demanded." The real object kept in view by the Queen's government was, in short, to obtain for the Provinces and for the general cause of liberty the greatest possible amount of assistance from Henry, and to allow him to acquire in return the least possible amount of power. The end proposed was a reasonable one, but the means employed savoured too much of intrigue. "It may be easily made probable to the States," said the Lord Treasurer, "that the government of the French is likely to prove as cumbersome and perilous as that of the Spaniards; and likewise it may probably be doubted how the French will keep touch and covenants with them, when any opportunity shall be offered to break them; so that her Majesty thinketh no good can be looked for to those countries by yielding this large authority to the French. If they shall continue their title by this grant to be absolute lords, there is no end, for a long time, to be expected of this war; and, contrariwise, if they break off, there is an end of any good composition with the King of Spain." Shivering and shrinking, but still wading in deeper and deeper, inch by inch, the cautious minister was fast finding himself too far advanced to retreat. He was rarely decided, however, and never lucid; and least of all in emergencies, when decision and lucidity would have been more valuable than any other qualities. Deeply doubting, painfully balancing, he at times drove the unfortunate Davison almost distraught. Puzzled himself and still more puzzling to others, he rarely permitted the Netherlanders, or even his own agents, to perceive his drift. It was fair enough, perhaps, to circumvent the French government by its own arts, but the Netherlanders meanwhile were in danger of sinking into despair. "Thus," wrote the Lord Treasurer to the envoy, "I have discoursed to you of these uncertainties and difficulties, things not unknown to yourself, but now being imparted to you by her Majesty's commandment, you are, by your wisdom, to consider with whom to deal for the stay of this French course, and yet, so to use it (as near as you may) that they of the French faction there be not able to charge you therewith, by-advertising into France. For it hath already appeared, by some speeches past between our ambassador there and Des Pruneaux, that you are had in some jealousy as a hinderer of this French course, and at work for her Majesty to have some entrance and partage in that country. Nevertheless our ambassador; by his answer, hath satisfied them to think the contrary." They must have been easily satisfied, if they knew as much of the dealings of her Majesty's government as the reader already knows. To inspire doubt of the French, to insinuate the probability of their not "keeping touch and covenant," to represent their rule as "cumbersome and perilous," was wholesome conduct enough towards the Netherlanders--and still more so, had it been accompanied with frank offers of assistance --but it was certainly somewhat to "hinder the courses of the French." But in truth all parties were engaged for a season in a round game of deception, in which nobody was deceived. Walsingham was impatient, almost indignant at this puerility. "Your doings, no doubt of it," he wrote to Davison, "are observed by the French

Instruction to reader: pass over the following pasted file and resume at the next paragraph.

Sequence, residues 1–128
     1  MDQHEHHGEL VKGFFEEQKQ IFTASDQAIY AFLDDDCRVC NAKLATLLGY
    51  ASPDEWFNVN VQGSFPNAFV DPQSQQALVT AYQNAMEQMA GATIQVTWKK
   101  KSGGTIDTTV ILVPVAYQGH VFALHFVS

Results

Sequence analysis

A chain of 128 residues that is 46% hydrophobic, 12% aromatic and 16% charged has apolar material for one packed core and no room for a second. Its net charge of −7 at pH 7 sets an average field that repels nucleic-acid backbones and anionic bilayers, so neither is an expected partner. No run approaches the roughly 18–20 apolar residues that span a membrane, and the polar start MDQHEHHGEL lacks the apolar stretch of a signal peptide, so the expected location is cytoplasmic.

faction, and therefore you cannot proceed so closely but it will be espied. Howsoever it be, seeing direction groweth from hence, we cannot but blame ourselves, if the effects thereof do not fall out to our liking." That sagacious statesman was too well informed, and too much accustomed to penetrate the designs of his antagonists, to expect anything from the present intrigues. To loiter thus, when mortal blows should be struck, was to give the Spanish government exactly that of which it was always most gluttonous-time; and the Netherlanders had none of it to spare. "With time and myself, there are two of us," was Philip II.'s favourite observation; and the Prince of Parma was at this moment sorely perplexed by the parsimony and the hesitations of his own government, by which his large, swift and most creative genius was so often hampered. Thus the Spanish soldiers, deep in the trenches, went with bare legs and empty stomachs in January; and the Dutchmen, among their broken dykes, were up to their ears in mud and water; and German mercenaries, in the obedient Provinces, were burning the peasants' houses in order to sell the iron to buy food withal; while grave-visaged statesmen, in comfortable cabinets, wagged their long white beards at each other from a distance, and exchanged grimaces and protocols which nobody heeded. Walsingham was weary of this solemn trifling. "I conclude," said he to Davison, "that her Majesty--with reverence be it spoken--is ill advised, to direct you in a course that is like to work so great peril. I know you will do your best endeavour to keep all things upright, and yet it is hard--the disease being now come to this state, or, as the physicians term it, crisis--to carry yourself in such sort, but that it will, I fear, breed a dangerous alteration in the cause." He denounced with impatience, almost with indignation, the insincerity and injustice of these intolerable hesitations. "Sorry am I," said he, "to see the course that is taken in this weighty cause, for we will neither help those poor countries ourselves, nor yet suffer others to do it. I am not ignorant that in time to come the annexing of these countries to the crown of France may prove prejudicial to England, but if France refuse to deal with them, and the rather for that we shall minister some cause of impediment by a kind of dealing underhand, then shall they be forced to return into the hands of Spain, which is like to breed such a present peril towards her Majesty's self, as never a wise man that seeth it, and loveth her, but lamenteth it from the bottom of his heart." Walsingham had made up his mind that it was England, not France, that should take up the cause of the Provinces, and defend them at every hazard. He had been overruled, and the Queen's government had decided to watch the course of the French negotiation, doing what it could, underhand, to prevent that negotiation from being successful. The Secretary did not approve of this disingenuous course. At the same time he had no faith in the good intentions of the French court. "I could wish," said he, "that the French King were carried with that honourable mind into the defence of these countries that her Majesty is, but France has not been used to do things for God's sake; neither do they mean to use our advice or assistance in making of the bargain. For they